Physical Health Problem Intrusion Linking Religious Attributions to Marital Satisfaction in Survivors of the 2004 Tsunami
natural disaster, karma, tsunami, physical health
The impact of the 2004 tsunami that struck East Asia on Buddhist, Sri Lankan mothers was investigated in thisstudy. More specifically, the relationship between attributing the 2004 tsunami to Karma and marital satisfaction wasexamined in a sample of 163 women, 3 years after the Disaster. Mediation by persisting physical health problems, on the relationship between attributing the tsunami to Karma and martial satisfaction, after controlling for mental health status and income before the tsunami was also tested. Karma attributions were not directly associated with marital satisfaction. However, an indirect path positively linking Karma attributions with persistent physical health challenges, and negatively linking physical health challenges to marital satisfaction was observed. Using Hobfoll’s (1989) conservation of resources (COR) model, implications of physical health challenges for disaster survivors and attributions endorsing an external locus of control are discussed.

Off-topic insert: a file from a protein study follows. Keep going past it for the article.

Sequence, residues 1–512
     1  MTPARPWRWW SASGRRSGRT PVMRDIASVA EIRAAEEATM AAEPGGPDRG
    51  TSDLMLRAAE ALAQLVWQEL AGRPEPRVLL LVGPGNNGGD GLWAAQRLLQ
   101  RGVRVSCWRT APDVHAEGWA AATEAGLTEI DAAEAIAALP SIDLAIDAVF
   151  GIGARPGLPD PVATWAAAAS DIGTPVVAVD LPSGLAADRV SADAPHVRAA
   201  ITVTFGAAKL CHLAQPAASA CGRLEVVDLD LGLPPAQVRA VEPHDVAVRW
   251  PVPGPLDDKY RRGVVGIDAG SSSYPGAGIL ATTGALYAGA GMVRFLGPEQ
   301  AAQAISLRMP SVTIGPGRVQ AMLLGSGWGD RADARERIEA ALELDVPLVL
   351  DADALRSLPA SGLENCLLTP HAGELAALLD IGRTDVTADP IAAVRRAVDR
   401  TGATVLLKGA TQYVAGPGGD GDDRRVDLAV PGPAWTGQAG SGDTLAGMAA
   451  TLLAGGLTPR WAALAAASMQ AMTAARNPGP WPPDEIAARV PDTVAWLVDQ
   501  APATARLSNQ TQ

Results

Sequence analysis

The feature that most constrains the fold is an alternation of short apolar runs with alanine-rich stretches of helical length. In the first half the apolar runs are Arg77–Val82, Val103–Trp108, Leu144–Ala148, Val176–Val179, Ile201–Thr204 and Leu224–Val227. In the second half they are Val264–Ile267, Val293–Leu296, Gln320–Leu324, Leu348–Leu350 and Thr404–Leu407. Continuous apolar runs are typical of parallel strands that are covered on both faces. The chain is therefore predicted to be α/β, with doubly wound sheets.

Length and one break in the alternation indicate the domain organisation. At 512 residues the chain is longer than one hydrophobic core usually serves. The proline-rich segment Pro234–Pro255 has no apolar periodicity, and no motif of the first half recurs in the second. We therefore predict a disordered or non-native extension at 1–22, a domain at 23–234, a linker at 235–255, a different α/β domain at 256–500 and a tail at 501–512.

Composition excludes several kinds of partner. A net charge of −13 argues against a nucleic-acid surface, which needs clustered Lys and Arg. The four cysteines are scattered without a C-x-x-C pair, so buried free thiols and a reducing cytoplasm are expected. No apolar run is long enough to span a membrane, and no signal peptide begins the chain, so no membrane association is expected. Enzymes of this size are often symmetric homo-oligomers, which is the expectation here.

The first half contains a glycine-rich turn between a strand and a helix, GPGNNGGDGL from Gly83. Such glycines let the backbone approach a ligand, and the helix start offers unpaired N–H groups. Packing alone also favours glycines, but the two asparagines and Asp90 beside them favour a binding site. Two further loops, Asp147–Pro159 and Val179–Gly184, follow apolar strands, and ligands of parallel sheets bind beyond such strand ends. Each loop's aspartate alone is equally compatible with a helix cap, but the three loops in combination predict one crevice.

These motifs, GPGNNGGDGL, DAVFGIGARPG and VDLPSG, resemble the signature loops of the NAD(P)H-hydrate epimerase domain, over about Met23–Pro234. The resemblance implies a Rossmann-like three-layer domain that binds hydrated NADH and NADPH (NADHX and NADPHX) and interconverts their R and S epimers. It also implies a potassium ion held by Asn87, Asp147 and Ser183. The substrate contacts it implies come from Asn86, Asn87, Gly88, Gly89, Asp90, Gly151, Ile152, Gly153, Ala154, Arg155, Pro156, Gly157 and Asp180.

Original Publication Citation
Banford, A.,Wickrama, T., Ketring, S. (2014). Physical health problem intrusion linkingreligious attributions to marital satisfaction in survivors of the 2004 tsunami. Journal of Geography & Natural Disasters, 4(1).
BYU ScholarsArchive Citation
Banford Witting, Alyssa J.; Wickrama, Thulitha; and Ketring, Scott A., "Physical Health Problem Intrusion Linking Religious Attributions to Marital Satisfaction in Survivors of the 2004 Tsunami" (2014). Faculty Publications. 4064.
Journal of Geography & Natural Disasters
Family, Home, and Social Sciences
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